Margaret Millar

Margaret Millar, née Margaret Ellis Sturm, crime novelist (born at Kitchener, Ont, 5 Feb 1915; died at Montecito, California 26 March 1994). Raised in the city of her birth, Margaret Millar attended the Kitchener-Waterloo Collegiate Institute, at which she met her future husband Kenneth MILLAR. Her first published short story, "Impromptu," appeared in a 1931 issue of the school's student magazine. She continued her education, studying Classics at the UNIVERSITY OF TORONTO, but left before obtaining a degree. In 1938 she and Kenneth Millar married, settling first in Toronto, then Kitchener.

Millar maintained that she wrote her first book, the NOVELThe Invisible Worm (1941), as a result of her dissatisfaction with the mysteries of the day. More novels followed, at a pace of over one a year. The commercial success and subsequent sale of film rights for the sixth, The Iron Gates (1946), allowed Millar and her husband the financial freedom to pursue interwoven careers as mystery writers (SeePOPULAR LITERATURE IN ENGLISH). The couple relocated to Santa Barbara, California, the model for "Santa Felicia" (sometimes "San Felice"), the community that figures in much of Millar's fiction.

Unlike her husband, Millar set several of her novels in Canada, including Wall of Eyes (1943), Fire Will Freeze (1944), and An Air that Kills (1957). Often considered her finest work, The Iron Gates (1946) concerns a wealthy Toronto woman who breaks down and is institutionalized after receiving a mysterious package. The psychological element, typical of Millar's writing, is perhaps best exemplified in Beast in View (1955), for which she received the first of two Edgar Awards for Best Novel.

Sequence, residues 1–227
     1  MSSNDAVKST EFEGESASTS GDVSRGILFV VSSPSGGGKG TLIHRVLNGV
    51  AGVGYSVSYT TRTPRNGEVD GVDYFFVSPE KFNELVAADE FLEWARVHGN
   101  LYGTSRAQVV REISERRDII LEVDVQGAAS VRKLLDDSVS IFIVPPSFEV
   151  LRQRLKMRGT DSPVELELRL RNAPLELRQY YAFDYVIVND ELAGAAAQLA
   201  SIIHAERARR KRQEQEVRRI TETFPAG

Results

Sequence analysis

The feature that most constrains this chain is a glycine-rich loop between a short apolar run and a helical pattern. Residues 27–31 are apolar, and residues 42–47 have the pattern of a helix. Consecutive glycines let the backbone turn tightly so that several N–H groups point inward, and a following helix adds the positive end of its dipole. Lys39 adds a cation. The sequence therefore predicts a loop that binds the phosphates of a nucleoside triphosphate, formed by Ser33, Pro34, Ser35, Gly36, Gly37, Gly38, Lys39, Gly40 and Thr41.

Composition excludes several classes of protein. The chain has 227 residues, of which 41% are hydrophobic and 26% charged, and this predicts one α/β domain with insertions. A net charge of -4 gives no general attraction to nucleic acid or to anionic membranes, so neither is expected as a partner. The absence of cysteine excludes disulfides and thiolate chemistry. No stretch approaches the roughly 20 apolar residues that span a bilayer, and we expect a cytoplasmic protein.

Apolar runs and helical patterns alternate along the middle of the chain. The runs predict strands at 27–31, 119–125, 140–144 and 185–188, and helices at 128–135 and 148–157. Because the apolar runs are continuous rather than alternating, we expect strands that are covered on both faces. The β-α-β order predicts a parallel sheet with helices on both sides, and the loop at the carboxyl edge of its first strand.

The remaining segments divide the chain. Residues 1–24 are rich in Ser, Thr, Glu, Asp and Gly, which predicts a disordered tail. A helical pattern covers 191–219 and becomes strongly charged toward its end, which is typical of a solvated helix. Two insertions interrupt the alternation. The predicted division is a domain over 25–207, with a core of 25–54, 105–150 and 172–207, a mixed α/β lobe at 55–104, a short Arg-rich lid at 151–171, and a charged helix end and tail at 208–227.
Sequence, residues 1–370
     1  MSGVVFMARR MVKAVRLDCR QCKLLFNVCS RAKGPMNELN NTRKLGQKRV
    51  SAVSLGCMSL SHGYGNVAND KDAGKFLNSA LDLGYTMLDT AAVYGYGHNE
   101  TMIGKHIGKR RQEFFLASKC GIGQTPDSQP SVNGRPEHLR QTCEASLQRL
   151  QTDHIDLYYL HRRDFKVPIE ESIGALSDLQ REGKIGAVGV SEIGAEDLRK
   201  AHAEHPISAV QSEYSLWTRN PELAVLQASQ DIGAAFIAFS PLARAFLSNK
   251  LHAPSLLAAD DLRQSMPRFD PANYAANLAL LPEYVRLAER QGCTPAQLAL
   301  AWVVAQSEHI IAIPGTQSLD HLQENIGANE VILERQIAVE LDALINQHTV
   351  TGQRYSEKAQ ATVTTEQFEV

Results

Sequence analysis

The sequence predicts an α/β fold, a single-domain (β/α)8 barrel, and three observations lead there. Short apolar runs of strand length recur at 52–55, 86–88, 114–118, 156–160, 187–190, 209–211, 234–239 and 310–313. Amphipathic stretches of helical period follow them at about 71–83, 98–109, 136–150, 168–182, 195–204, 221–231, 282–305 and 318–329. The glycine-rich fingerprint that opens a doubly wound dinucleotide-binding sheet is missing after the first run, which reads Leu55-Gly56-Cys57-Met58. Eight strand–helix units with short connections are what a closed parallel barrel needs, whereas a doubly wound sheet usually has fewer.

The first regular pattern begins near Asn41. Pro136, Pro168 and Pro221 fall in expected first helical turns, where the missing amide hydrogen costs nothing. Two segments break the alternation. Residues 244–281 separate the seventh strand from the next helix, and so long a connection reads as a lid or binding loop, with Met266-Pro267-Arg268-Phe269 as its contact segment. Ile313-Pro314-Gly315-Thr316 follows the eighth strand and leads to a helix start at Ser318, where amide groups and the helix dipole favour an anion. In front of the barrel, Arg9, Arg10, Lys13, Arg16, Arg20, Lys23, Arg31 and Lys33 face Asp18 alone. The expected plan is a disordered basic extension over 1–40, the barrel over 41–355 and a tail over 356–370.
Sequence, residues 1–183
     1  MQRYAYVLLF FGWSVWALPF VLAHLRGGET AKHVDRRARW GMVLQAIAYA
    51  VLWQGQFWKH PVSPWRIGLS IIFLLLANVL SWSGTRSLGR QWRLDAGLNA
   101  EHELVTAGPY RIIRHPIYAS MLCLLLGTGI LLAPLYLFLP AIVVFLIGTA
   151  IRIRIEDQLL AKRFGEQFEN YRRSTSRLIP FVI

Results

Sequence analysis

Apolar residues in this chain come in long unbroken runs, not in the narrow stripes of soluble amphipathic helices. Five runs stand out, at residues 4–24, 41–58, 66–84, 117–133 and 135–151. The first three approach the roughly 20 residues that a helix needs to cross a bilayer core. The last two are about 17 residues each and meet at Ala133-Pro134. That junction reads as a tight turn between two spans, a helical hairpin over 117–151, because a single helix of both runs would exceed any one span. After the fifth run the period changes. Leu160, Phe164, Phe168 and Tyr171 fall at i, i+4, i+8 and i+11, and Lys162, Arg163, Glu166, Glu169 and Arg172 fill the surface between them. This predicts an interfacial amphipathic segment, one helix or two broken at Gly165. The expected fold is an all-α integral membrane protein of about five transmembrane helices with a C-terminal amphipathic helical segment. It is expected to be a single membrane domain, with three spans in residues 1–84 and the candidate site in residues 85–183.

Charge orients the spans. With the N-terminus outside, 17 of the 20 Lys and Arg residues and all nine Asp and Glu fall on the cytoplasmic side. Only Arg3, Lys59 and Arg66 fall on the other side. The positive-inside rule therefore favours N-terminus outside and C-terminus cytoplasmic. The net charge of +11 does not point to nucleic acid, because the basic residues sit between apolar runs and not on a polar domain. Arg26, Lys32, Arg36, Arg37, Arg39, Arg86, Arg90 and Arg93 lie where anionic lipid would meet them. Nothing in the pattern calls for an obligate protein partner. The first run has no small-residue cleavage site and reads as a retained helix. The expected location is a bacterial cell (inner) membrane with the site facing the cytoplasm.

Millar's mysteries almost always contain domestic drama, an element that spills over into her novels outside the genre. In the first, Experiment in Springtime (1941), a staid but steady marriage is shaken when the husband nearly dies and becomes convinced that his wife is trying to kill him.

Arguably the most talented English-Canadian woman writer of her generation, as a genre writer who lived much of her life in the United States Millar is often ignored by Canadian critics. She had a gift for writing realistic yet entertaining dialogue that furthered plot and revealed character.

A prolific writer, she produced 26 novels and a memoir. In later years, her pace was slowed by her husband Kenneth's struggle with Alzheimer's disease. Millar herself suffered from macular degeneration, and came to rely on modern technology when writing. Millar's final work, The Couple Next Door: Collected Short Mysteries, was published after her death, in 2004, and edited by Tom Nolan, her husband's biographer.